Breaking News This Morning
Sold for a buck: Banco Santander, Spain's largest bank, said it will pay a nominal €1, about $1.12, to rescue troubled rival Banco Popular (not the one in Puerto Rico), while raising another €7 billion, or about $7.9 billion, to strengthen its balance sheet. The takeover is the first test of new European Central Bank rules to save banks that are "failing or likely to fail." Wall Street Journal, Financial Times here and here, New York Times
Receiving Wide Coverage ...
Cordray in contempt?: A Republican staff report for the House Financial Services Committee says Consumer Financial Protection Bureau Director Richard Cordray didn't cooperate with the panel's investigation into the Wells Fargo phony accounts scandal and recommends Congress investigate him for contempt. The report said Cordray failed "to honor his legal obligation to produce all records responsive to the committee's subpoena," creating "an impasse" in the Wells probe. It also recommended that the committee issue subpoenas to CFPB employees as part of its investigation into Cordray's behavior. Wall Street Journal, American Banker
It didn't start with Wells: Separately, the Justice Department filed a friend-of-the-court brief in a 2011 whistle-blower lawsuit brought by two former employees of banks that were later acquired by Wells. The two men, who worked at Wachovia and World Savings, charged that the banks engaged in mortgage improprieties and hid billions of dollars in losses from federal regulators.
"The government's filing adds heft to a long-running case that involves behavior that predates the 2008 financial crisis and the sham-accounts scandal that came to light at Wells Fargo last year," the New York Times said. "Although the Justice Department's filing does not opine on the whistle-blowers' claims, it argues that an appellate court should revise the analysis it made when it dismissed the case last year."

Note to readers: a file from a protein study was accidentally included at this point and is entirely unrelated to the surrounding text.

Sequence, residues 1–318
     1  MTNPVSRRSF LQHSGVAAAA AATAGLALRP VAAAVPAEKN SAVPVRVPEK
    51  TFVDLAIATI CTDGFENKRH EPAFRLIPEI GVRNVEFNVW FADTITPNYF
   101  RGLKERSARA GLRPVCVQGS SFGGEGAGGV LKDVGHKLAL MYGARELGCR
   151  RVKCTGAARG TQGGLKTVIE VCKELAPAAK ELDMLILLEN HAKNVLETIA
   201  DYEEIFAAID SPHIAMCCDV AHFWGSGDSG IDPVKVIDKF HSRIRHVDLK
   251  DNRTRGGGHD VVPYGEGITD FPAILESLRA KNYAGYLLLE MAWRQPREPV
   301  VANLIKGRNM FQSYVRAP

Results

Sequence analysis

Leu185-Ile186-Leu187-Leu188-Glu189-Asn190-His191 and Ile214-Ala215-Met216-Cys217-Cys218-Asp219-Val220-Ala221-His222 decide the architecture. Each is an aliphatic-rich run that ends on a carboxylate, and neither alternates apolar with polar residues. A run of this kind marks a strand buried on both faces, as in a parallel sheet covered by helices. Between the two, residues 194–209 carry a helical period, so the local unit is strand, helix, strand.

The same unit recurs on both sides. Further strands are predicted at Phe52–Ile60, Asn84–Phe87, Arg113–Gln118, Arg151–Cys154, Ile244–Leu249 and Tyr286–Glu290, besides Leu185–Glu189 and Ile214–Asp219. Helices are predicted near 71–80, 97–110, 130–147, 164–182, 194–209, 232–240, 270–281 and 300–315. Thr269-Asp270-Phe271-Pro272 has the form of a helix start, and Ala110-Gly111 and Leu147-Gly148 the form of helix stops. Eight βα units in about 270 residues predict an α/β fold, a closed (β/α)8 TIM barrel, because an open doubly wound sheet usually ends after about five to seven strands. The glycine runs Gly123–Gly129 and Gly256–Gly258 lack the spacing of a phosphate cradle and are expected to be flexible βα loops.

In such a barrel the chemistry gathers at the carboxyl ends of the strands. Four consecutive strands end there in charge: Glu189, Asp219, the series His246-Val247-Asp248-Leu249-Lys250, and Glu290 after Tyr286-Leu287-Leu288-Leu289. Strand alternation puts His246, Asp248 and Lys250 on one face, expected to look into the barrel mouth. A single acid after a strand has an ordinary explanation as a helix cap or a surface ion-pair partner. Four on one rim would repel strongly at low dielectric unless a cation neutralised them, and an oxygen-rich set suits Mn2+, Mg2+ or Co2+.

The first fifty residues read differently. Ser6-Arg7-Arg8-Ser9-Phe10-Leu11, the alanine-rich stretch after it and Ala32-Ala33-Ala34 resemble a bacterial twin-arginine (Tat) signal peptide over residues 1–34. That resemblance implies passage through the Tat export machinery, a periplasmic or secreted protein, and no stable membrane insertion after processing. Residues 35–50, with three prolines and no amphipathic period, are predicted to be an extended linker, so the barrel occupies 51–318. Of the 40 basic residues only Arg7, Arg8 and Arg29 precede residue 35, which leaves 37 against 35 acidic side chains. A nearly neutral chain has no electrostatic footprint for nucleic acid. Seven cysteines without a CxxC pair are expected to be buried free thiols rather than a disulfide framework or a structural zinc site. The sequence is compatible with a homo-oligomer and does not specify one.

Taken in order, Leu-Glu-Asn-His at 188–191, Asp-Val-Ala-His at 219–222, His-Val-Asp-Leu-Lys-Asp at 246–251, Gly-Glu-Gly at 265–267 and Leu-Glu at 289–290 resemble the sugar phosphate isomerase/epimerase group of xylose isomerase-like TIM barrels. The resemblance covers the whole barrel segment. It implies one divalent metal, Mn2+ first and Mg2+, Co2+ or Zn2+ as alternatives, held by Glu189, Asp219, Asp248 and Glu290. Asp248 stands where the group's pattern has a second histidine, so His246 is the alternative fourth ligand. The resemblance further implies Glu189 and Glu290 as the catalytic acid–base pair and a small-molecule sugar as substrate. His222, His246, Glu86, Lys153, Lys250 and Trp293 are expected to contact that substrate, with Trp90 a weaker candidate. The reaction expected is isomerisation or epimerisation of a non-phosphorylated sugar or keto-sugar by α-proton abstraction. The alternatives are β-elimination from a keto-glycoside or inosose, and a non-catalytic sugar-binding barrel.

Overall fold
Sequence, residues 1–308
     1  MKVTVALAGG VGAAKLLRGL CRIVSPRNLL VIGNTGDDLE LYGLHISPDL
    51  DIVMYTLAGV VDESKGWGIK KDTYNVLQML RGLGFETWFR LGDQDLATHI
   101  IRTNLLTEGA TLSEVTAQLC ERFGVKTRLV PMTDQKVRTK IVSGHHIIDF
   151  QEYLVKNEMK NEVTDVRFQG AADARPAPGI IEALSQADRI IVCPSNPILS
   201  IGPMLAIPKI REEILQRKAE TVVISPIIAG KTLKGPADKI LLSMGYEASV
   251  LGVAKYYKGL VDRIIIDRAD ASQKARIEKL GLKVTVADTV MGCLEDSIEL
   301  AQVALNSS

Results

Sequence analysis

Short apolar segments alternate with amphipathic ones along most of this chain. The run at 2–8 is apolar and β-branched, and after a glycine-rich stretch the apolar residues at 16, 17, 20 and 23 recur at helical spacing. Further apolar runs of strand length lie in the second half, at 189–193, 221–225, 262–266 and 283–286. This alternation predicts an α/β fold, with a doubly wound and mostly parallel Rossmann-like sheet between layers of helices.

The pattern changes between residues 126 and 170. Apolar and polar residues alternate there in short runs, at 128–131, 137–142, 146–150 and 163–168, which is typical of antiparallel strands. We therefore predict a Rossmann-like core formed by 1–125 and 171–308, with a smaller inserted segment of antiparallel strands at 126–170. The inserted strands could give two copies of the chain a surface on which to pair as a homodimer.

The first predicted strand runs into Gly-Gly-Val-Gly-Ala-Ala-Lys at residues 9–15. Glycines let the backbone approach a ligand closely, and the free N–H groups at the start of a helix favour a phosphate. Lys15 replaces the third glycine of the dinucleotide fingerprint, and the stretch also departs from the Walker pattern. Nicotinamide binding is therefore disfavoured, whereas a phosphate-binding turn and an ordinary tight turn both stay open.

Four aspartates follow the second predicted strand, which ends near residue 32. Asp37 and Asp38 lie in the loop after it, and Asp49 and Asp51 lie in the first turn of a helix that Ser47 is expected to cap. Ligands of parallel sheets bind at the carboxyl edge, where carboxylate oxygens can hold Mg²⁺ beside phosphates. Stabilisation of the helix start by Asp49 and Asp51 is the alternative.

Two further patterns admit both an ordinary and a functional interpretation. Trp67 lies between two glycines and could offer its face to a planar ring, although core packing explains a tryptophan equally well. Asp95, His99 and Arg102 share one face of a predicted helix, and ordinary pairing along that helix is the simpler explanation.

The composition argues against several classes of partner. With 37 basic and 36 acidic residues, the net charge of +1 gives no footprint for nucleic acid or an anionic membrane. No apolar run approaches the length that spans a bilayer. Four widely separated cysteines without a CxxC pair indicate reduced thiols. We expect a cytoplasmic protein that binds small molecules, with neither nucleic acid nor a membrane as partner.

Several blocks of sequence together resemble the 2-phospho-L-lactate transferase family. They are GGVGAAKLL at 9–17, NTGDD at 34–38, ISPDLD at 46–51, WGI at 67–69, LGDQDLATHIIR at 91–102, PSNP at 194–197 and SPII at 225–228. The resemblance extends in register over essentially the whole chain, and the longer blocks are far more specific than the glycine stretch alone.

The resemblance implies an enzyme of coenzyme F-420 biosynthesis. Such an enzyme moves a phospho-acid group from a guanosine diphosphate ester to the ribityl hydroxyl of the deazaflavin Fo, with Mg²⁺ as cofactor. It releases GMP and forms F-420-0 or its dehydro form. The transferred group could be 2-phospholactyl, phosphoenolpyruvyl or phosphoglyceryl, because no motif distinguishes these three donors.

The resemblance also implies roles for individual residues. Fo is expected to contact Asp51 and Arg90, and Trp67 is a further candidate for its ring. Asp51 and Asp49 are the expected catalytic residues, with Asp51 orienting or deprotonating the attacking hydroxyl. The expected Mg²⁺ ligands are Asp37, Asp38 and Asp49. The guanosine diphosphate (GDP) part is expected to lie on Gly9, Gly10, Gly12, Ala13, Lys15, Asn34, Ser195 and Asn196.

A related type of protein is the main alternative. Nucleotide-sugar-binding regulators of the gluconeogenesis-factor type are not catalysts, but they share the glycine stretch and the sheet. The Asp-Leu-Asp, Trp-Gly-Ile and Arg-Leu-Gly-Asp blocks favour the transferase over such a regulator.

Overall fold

Wall Street Journal
VC partner: International Finance Corp., the World Bank's investment arm, is investing $3 million in LMRKTS LLC, a New York startup founded by former traders to help banks reduce their financial exposure to each other. "The project, which focuses on currency trading for emerging-market banks, is part of a recent surge of investment into startups aiming to offer tools to help manage the cost and complexity of trading," the Journal said. "But unlike the Silicon Valley venture-capital money pouring into consumer-facing 'fintech' startups, most of the funding for these firms is coming from bankers or other parts of the existing financial system," including the World Bank.
What, me worry?: Bitcoin hit another all-time high of $2,967 on Tuesday, and has now nearly tripled since the beginning of the year. So a correction would seem inevitable and reasonable, right? "The currency's backers don't necessarily disagree," the Journal writes. "They just don't care."
Another close call: Royal Bank of Scotland settled another lawsuit at the eleventh hour on Tuesday, this time agreeing to a £200 million settlement with about 9,000 shareholders. The settlement once again spared former CEO Fred Goodwin from appearing in court. The shareholders claim that the bank misrepresented the state of its health when it sold a rights issue in 2008, just before it nearly failed and was rescued by the British government, causing the shareholders to lose most of their investment.
New York Times
Unwise move: Mark Roe, a professor at Harvard Law School, says a House proposal to allow failing banks to file for bankruptcy, rather than be wound down or restructured by regulators, is a "dangerous action" that "risks turning a tumultuous bank failure into a deep and full financial crisis, like that of the 2008-9 financial panic. Bankruptcy alone cannot handle a financial crisis emanating from collapsed banks," he writes.
"Adding a robust bankruptcy channel makes much sense," he adds in the op-ed piece. "But repealing the regulatory-led system and replacing it with bankruptcy is unwise. Replacing it with the narrow, limited bankruptcy structure moving forward in the House is exceedingly unwise."
"This is probably the third or fourth bubble, if you want to call it that, in digital currency that we've gone through." — Brian Armstrong, founder and chief executive of Coinbase.